During a morning run in downtown Baltimore to free himself of jitters earlier this week, Stevie Walker-Webb kept sending a persistent caller to voicemail. But as the calls kept coming, he finally gave in and answered. It was a teenager who participated in an arts program that Walker-Webb had established, and they had some urgent news: Walker-Webb’s name was just listed as one of the nominees for Best Director at the Tony Awards.
He broke down into tears of gratitude. For close to six years, Walker-Webb has worked alongside playwright and actor Jordan E. Cooper on “Ain’t No Mo’,” a comedic production that explores what would happen if Black Americans collectively engaged in a mass exodus from the United States to Africa.
Walker-Webb currently finds himself in Charm City because he’s directing Baltimore Center Stage’s “Life is a Dream,” the late Cuban American playwright María Irene Fornés’ 1981 version of Pedro Calderón de la Barca’s 17th-century play. Focused on the task at hand and considering that “Ain’t No Mo’” closed after less than three weeks on Broadway, he wasn’t expecting any nods. But now that the Tonys are honoring a play that challenges the conditions Black people in this country find themselves in after contributing to every facet of its foundation, Walker-Webb is encouraged to push forward.
During a recent phone call, the director talked about how the nomination felt, the initial ideas behind the play and what he hopes to accomplish during his stint in Baltimore.
This interview has been edited for length and clarity.
How did you take the news when it came?
Stevie Walker-Webb: To be honest, a part of me wrote it off as a possibility because our show closed early. [”Ain’t No Mo’” playwright and star] Jordan [E. Cooper] and I and the entire cast have been working on this for five to six years at this point, and the play is really radical in its Blackness and its politic. It’s really a celebration of Black contributions to this country and an indictment about the progress that still needs to be made. Nothing like this has been on Broadway before, so there was a little worry about whether or not it would be received. So when I got the news, I lost it.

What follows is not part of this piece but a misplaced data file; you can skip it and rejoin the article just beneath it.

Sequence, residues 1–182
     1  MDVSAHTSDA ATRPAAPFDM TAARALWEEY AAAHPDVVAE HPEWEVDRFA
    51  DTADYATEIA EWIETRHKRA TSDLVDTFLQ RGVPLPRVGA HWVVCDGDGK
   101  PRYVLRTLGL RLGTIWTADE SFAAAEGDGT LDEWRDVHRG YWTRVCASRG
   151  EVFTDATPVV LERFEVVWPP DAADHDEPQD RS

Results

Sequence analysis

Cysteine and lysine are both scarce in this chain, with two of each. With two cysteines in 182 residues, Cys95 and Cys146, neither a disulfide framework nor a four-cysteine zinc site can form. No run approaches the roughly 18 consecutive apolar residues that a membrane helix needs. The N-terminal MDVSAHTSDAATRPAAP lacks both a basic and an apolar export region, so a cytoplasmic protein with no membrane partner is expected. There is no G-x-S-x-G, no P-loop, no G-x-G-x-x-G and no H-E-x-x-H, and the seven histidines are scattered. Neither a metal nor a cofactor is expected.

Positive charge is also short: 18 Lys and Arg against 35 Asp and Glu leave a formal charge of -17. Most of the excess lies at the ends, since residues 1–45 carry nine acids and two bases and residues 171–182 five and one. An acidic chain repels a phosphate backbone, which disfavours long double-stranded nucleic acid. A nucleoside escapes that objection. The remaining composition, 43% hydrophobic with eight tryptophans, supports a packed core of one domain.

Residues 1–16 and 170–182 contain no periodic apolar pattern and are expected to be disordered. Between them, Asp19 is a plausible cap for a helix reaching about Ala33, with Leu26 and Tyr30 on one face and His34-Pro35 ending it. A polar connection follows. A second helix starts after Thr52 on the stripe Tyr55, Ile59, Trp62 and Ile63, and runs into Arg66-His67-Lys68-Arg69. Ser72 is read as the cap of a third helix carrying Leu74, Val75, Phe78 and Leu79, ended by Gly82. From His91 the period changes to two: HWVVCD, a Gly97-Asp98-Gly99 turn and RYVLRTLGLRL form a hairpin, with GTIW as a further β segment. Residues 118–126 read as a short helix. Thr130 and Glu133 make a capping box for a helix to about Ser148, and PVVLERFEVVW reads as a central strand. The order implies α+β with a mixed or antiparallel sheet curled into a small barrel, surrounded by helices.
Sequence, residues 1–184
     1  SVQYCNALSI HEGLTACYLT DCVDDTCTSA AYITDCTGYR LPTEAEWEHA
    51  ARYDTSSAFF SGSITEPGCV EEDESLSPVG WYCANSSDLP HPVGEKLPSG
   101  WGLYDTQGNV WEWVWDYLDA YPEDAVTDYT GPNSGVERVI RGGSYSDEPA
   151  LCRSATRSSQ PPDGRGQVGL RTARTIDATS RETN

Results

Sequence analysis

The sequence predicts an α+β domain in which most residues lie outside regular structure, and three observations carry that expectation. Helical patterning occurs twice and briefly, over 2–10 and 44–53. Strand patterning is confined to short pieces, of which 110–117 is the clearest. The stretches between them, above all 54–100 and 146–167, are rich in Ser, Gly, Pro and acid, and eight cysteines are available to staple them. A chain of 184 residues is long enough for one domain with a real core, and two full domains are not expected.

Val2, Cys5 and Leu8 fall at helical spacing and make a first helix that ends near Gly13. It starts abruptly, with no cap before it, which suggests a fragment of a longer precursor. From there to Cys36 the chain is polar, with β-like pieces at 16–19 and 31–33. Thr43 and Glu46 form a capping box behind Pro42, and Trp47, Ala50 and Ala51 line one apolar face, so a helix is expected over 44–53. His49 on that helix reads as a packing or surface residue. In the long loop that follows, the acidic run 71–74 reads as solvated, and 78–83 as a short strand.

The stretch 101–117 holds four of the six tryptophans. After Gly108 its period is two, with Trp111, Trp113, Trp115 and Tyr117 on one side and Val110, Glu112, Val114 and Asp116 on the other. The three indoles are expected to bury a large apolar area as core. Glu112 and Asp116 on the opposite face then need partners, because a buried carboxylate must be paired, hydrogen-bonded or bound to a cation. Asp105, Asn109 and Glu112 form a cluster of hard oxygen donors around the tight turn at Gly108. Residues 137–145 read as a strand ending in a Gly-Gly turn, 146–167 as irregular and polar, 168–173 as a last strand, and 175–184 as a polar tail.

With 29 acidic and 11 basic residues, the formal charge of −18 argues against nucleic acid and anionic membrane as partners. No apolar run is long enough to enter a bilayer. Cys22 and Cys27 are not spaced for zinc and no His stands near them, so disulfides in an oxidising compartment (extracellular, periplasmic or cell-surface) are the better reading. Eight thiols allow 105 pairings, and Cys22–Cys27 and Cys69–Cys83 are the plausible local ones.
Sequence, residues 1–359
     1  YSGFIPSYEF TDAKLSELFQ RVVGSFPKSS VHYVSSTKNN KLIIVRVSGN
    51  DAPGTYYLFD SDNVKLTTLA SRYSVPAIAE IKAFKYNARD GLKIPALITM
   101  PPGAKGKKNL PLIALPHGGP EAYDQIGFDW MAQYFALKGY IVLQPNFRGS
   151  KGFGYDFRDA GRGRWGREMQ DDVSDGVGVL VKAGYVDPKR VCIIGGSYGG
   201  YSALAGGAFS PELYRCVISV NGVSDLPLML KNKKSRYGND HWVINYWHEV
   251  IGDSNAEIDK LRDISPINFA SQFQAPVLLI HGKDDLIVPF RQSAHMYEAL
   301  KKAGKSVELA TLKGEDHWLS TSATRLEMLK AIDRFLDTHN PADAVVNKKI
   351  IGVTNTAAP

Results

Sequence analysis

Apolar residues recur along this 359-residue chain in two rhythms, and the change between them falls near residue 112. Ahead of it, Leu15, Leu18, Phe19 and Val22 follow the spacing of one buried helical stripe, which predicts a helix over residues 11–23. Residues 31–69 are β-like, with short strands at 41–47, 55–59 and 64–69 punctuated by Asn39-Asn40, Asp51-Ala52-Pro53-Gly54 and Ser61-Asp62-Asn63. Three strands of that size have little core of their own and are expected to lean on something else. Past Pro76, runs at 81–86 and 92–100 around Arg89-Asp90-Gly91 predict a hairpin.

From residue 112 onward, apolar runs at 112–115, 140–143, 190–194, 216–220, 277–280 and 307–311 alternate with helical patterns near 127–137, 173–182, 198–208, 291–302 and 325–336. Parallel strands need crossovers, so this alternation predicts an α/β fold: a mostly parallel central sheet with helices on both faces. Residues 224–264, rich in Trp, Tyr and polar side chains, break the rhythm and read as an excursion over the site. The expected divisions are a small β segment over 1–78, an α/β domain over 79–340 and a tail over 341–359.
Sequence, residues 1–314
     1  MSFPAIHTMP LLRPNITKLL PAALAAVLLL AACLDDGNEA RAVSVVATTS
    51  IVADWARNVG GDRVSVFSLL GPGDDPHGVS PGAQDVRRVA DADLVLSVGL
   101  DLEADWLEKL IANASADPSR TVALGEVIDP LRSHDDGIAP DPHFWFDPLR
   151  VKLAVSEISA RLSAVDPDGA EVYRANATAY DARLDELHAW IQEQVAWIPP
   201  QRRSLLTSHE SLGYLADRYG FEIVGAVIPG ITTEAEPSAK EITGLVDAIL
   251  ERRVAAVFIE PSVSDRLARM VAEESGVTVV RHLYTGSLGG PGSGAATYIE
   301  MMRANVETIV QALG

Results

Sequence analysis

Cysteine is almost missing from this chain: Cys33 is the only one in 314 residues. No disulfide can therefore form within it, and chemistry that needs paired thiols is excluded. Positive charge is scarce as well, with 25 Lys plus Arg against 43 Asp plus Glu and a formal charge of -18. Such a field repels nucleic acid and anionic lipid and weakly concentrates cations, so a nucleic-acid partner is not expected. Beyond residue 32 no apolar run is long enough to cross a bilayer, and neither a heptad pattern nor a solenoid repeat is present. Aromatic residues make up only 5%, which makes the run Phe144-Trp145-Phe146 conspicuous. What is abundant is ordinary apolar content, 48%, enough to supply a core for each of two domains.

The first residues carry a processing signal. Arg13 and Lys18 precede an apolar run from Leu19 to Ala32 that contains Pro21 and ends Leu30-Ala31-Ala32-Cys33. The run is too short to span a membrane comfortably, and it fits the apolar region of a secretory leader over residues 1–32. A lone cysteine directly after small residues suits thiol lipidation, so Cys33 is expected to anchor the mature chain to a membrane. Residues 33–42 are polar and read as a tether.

Do the nominations encourage you to continue following your instincts as a director, especially when making a radical piece of work?
It gives me a lot of hope in the theater as an industry, because a lot of people were like, “Is Broadway ready for this kind of art?” Six Tony nominations is our industry’s way of saying, “Heck yeah, we’re ready for things that both challenge us and push us forward.” So that’s a wonderful feeling of validation. But as an artist, I have to be honest: I’m not of those people where the prospect of rewards and red carpets is what gets me up in the morning. It didn’t hit me until I was running on the treadmill and my phone kept going off. It was from a 254 number, which is the area code for Waco, Texas, where I’m from. I finally answered and it was a teenager from an arts program that I started years ago. He told me he stepped out of homeroom to watch the nominations and heard I got nominated. That brought me to tears — I’m actually tearing up right now. That’s how the news hit me.
The premise of “Ain’t No Mo’” is a mass exodus in which Black Americans all leave the United States to return to Africa. How often have you thought or fantasized about that very scenario actually playing out in real life?
SWW: I’ve been very blessed to go to the continent a few times. I’ve been to South Africa and Madagascar around 2019. Every time I’m there, I feel at home and safe in a way that I don’t always feel in this country. So, yes, I’ve fantasized about going permanently a few times, but ultimately, the play is kind of saying we Black Americans can’t divorce ourselves from our African identity or our American identity. And the things we’ve made and contributed to this country are the things that’ve made this country. We’ve given too much to actually leave it. I think about that James Baldwin quote: “I love America more than any other country in the world and, exactly for this reason, I insist on the right to criticize her perpetually.” It’s my job to make this place a safer place for people that look like me.
Can you talk about how you and Jordan E. Cooper conceptualized the play?
SWW: Jordan had written the monologues for Peaches, a character that he plays who is this fiery drag queen that takes no prisoners. They kind of read like a stand-up sketch. So he called me one night like, “I don’t know what this is. I don’t know if it’s a play or if it’s a book,” and he read it to me. I told him whatever it was, he needed to keep writing it. I didn’t know it was an invitation for him to catch the train and come to my place. He sat there and wrote the whole play in one night. I went to bed and when I came back to the living room, he read the whole thing to me. I’ve never experienced that before. And I knew then I would do everything I can to make it happen. I believed in it.
You’re currently directing Pedro Calderón de la Barca’s “Life Is A Dream” at Center Stage. This is the first time it’s been on the stage since 1981. Can you talk a bit about how you’re presenting it?
SWW: María Irene Fornés was a Cuban American playwright and is one of the foremothers of American absurdist theater. She’s the most Obie Award-winning playwright in America’s history, but she’s still extremely underproduced. If I say her name people don’t know who she is. Is it because she’s a woman? Is it because she’s Cuban? But it’s a shame because she’s contributed so much to this industry. It’s a big deal to direct this at Baltimore Center Stage and people should run to see it because it’s like Halley’s Comet — you might not see this again in your lifetime. To take this playwright that people don’t celebrate and bring her to Baltimore and put her on the stage is special.